Internal documents indicate a former Mobile Police Department (MPD) officer involved in a fatal shooting in 2016 had been placed in the department’s “Personal Early Warning System” two years earlier, over concerns he may have been “too quick to implement force” in the past.
The documents were filed in a civil lawsuit brought by the mother of Michael Moore, a black teenager fatally shot by former MPD officer Harold Hurst during a traffic stop in June 2016. Police have said Moore and friends were driving a car that had been reported stolen when Hurst pulled them over. The former officer, who is white, has maintained in court documents Moore reached for a gun before he used deadly force.
An internal investigation, a Mobile County grand jury and a federal review by the Department of Justice’s Civil Rights Division all determined Hurst’s actions were justified under the circumstances. He resigned from MPD in 2017.
Despite the lack of criminal charges, Moore’s mother, Shunta Daugherty, has moved forward with a civil lawsuit against Hurst and MPD, and as part of that case, Daugherty’s attorneys have dug into Hurst’s personnel record — information MPD wouldn’t typically discuss publicly.
Recently, a refiled affidavit from Hurst’s former commander at the Third Precinct, Capt. Paul Prine, detailed time the former officer spent in the MPD’s Personal Early Warning System over his reported use of nonlethal force. Prine and others at MPD testified Hurst had never used deadly force before.
The Personal Early Warning System, as it was formerly called, is now known as the Employee Intervention Program. According to MPD, it’s a non-disciplinary program that provides additional training to certain officers on a range of issues as determined by their superiors.
In the affidavit, Prine said he was asked to review investigations of eight use-of-force instances involving Hurst that occurred between December 2012 and December 2013. He found them all to be justified and wrote in the affidavit it’s “not unusual” for officers to have to use nonlethal force on duty.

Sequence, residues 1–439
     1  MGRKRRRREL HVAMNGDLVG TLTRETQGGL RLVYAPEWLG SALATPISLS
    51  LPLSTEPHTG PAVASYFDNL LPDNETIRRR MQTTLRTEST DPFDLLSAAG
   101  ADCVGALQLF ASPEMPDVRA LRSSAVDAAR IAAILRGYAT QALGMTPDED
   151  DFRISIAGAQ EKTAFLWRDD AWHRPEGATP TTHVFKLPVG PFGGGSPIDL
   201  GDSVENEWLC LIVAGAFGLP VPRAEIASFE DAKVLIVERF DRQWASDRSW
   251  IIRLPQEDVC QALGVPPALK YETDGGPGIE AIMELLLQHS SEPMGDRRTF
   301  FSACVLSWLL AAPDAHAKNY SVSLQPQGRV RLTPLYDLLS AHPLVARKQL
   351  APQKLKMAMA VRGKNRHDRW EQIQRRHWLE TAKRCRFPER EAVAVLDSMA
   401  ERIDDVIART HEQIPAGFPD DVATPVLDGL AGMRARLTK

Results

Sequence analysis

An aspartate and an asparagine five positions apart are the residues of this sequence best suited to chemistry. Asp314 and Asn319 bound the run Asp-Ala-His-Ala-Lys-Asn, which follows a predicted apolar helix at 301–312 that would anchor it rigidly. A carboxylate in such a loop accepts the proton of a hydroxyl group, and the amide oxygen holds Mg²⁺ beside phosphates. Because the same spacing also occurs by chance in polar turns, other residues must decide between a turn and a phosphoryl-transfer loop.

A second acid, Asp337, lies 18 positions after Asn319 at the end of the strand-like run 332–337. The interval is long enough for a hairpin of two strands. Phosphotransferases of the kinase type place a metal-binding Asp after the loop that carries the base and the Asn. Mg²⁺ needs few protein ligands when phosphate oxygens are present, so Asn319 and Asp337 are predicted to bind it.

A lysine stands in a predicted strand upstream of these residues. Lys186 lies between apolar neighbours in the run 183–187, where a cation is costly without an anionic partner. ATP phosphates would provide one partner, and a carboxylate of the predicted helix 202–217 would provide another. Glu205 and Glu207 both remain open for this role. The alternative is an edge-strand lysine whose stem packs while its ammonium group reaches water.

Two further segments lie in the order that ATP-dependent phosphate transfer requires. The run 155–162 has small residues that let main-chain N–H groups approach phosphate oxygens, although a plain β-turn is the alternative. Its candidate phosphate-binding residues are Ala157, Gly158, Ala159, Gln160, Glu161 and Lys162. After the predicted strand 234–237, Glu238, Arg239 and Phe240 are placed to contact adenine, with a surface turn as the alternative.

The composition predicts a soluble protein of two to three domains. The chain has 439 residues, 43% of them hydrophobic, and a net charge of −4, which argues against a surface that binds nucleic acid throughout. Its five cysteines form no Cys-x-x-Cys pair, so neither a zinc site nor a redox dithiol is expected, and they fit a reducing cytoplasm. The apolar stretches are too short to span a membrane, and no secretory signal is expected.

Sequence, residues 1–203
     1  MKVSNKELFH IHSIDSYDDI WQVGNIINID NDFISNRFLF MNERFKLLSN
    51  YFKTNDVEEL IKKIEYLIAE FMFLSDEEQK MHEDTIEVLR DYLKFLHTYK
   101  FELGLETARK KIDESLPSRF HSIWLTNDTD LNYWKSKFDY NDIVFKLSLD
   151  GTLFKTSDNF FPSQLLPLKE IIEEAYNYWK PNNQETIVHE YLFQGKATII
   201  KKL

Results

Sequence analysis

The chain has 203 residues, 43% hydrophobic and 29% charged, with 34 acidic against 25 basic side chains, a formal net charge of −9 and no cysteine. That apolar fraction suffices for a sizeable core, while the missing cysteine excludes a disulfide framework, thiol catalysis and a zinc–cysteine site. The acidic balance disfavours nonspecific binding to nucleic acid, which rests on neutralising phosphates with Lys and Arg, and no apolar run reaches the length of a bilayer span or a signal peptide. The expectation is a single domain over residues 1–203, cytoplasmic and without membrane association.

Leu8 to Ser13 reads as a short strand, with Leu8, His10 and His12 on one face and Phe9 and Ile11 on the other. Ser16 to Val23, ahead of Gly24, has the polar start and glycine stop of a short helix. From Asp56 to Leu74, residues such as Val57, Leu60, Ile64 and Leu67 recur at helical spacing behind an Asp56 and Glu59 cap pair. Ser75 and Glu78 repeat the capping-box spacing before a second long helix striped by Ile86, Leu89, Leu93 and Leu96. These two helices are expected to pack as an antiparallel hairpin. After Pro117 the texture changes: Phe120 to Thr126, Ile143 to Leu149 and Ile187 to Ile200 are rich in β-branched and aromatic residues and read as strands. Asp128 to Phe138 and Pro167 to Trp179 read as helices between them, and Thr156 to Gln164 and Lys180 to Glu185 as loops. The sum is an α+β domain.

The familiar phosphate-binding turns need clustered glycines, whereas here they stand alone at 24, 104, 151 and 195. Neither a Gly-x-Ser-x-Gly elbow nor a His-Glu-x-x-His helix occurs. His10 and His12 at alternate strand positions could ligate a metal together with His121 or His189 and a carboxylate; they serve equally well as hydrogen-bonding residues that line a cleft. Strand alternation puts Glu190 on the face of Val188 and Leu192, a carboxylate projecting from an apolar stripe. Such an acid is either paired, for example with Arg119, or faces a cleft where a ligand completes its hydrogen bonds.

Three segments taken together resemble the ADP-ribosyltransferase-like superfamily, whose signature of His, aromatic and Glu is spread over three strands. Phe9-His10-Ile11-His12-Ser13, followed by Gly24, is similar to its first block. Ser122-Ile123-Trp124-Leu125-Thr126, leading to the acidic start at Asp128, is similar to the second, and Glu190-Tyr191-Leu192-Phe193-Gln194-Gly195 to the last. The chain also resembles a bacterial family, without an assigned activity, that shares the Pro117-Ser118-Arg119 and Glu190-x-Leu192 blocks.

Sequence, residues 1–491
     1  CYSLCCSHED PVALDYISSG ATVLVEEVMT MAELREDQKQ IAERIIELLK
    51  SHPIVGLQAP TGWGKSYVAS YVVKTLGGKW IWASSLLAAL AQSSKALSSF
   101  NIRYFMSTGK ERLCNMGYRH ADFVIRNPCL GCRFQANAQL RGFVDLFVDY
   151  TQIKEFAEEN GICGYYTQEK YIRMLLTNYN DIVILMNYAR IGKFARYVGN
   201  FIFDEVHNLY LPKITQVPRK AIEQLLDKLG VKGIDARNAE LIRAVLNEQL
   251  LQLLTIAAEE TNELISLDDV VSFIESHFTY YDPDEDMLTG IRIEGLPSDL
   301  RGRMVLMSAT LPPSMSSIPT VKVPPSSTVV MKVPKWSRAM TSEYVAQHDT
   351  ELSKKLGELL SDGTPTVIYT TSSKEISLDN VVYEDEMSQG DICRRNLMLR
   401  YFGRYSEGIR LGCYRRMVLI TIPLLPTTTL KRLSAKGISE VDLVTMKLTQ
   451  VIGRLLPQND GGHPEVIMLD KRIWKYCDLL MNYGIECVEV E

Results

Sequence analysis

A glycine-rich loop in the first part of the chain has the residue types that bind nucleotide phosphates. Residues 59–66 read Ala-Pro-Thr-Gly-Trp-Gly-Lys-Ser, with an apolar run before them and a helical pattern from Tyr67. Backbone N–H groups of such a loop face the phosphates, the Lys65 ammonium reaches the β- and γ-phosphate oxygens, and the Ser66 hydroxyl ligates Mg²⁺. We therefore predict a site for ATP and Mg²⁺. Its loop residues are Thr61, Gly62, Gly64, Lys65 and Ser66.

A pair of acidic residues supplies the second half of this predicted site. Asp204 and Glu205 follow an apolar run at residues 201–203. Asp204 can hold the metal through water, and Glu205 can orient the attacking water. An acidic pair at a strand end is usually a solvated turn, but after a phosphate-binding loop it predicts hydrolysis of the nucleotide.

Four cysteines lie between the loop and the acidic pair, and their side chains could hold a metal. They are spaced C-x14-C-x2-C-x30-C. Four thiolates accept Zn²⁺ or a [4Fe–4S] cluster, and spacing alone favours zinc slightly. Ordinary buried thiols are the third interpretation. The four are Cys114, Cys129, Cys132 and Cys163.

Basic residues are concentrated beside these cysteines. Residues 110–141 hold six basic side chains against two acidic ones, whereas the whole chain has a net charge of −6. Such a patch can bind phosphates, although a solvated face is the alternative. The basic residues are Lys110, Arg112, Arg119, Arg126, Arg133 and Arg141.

Continuing, he said in more than one of those cases a suspect had struck Hurst or another officer before he responded with any kind of heighted force and in none of the instances did Hurst violate MPD’s policies or procedures.
In a separate affidavit, Hurst’s former patrol supervisor, Lt. William Reed, wrote he didn’t think Hurst needed to be enrolled in the early warning program. Yet, Prine ultimately disagreed with Reed and, as the captain of the precinct, recommended Hurst for the program anyway in early 2014.
In a 2014 memorandum to then-police chief and current Public Safety Director James Barber, Prine wrote although he found Hurst’s use of force justified, there were some “underlying issues that may have caused the officer to act in haste when an individual did not respond quickly to his commands.”
“Although the eight investigations ultimately clear Hurst of misconduct or excessive force, it is conceivable that the officer was either too quick to implement force without taking in the full scope of the situation or lacked tact and diplomacy in dealing with those individuals who did not readily recognize his authority,” Prine continues in the memo.
MPD doesn’t discuss pending lawsuits as a matter of policy. A spokesperson also told Lagniappe any information or statistics about the number of officers in its Employee Intervention Program couldn’t be released because personnel matters aren’t disclosed to protect employees’ privacy.
It should be noted, in other correspondence made public as part of the lawsuit, Prine told officials at MPD he was satisfied with Hurst’s performance in the program after a few months and recommended he be removed from it. He described Hurst as “a good officer” who was “well versed in MPD’s use-of-force policies and demonstrated, with proficiency, the application and discretion of the use of force.”
Daugherty’s lawsuit is set for a jury trial in June. U.S. District Judge Terry Moorer had ordered a settlement conference in late February, but the public filings since then don’t give the impression any kind of agreement was reached. Documents from the lawsuit are available to review at lagniappemobile.com.
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